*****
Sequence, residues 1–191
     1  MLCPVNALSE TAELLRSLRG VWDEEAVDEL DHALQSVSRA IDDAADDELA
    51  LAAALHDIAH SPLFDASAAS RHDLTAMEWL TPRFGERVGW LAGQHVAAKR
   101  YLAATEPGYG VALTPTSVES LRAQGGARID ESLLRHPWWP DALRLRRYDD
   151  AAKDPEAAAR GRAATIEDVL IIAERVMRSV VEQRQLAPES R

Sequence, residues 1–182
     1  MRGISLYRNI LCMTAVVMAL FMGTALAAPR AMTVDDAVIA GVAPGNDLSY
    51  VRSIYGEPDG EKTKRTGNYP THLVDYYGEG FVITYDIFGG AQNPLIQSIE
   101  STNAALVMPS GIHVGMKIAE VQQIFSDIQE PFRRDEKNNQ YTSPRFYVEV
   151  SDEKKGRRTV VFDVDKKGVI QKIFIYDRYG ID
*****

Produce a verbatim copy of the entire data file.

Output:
Sequence, residues 1–191
     1  MLCPVNALSE TAELLRSLRG VWDEEAVDEL DHALQSVSRA IDDAADDELA
    51  LAAALHDIAH SPLFDASAAS RHDLTAMEWL TPRFGERVGW LAGQHVAAKR
   101  YLAATEPGYG VALTPTSVES LRAQGGARID ESLLRHPWWP DALRLRRYDD
   151  AAKDPEAAAR GRAATIEDVL IIAERVMRSV VEQRQLAPES R

Sequence, residues 1–182
     1  MRGISLYRNI LCMTAVVMAL FMGTALAAPR AMTVDDAVIA GVAPGNDLSY
    51  VRSIYGEPDG EKTKRTGNYP THLVDYYGEG FVITYDIFGG AQNPLIQSIE
   101  STNAALVMPS GIHVGMKIAE VQQIFSDIQE PFRRDEKNNQ YTSPRFYVEV
   151  SDEKKGRRTV VFDVDKKGVI QKIFIYDRYG ID